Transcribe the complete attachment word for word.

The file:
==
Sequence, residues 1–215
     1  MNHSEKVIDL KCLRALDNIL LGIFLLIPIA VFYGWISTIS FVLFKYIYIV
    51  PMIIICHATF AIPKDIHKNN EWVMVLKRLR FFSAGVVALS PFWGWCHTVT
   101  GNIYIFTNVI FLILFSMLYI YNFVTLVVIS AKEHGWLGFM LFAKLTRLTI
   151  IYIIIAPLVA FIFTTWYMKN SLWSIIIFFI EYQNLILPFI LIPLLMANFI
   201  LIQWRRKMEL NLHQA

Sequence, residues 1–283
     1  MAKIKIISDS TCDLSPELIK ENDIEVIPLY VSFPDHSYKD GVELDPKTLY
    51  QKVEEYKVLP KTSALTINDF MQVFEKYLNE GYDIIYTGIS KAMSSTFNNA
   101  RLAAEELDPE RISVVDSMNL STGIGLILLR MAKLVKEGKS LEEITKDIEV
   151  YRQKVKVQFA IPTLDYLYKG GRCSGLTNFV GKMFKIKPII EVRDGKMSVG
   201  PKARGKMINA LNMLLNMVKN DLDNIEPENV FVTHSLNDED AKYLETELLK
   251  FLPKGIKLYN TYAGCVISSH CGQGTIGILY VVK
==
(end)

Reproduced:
Sequence, residues 1–215
     1  MNHSEKVIDL KCLRALDNIL LGIFLLIPIA VFYGWISTIS FVLFKYIYIV
    51  PMIIICHATF AIPKDIHKNN EWVMVLKRLR FFSAGVVALS PFWGWCHTVT
   101  GNIYIFTNVI FLILFSMLYI YNFVTLVVIS AKEHGWLGFM LFAKLTRLTI
   151  IYIIIAPLVA FIFTTWYMKN SLWSIIIFFI EYQNLILPFI LIPLLMANFI
   201  LIQWRRKMEL NLHQA

Sequence, residues 1–283
     1  MAKIKIISDS TCDLSPELIK ENDIEVIPLY VSFPDHSYKD GVELDPKTLY
    51  QKVEEYKVLP KTSALTINDF MQVFEKYLNE GYDIIYTGIS KAMSSTFNNA
   101  RLAAEELDPE RISVVDSMNL STGIGLILLR MAKLVKEGKS LEEITKDIEV
   151  YRQKVKVQFA IPTLDYLYKG GRCSGLTNFV GKMFKIKPII EVRDGKMSVG
   201  PKARGKMINA LNMLLNMVKN DLDNIEPENV FVTHSLNDED AKYLETELLK
   251  FLPKGIKLYN TYAGCVISSH CGQGTIGILY VVK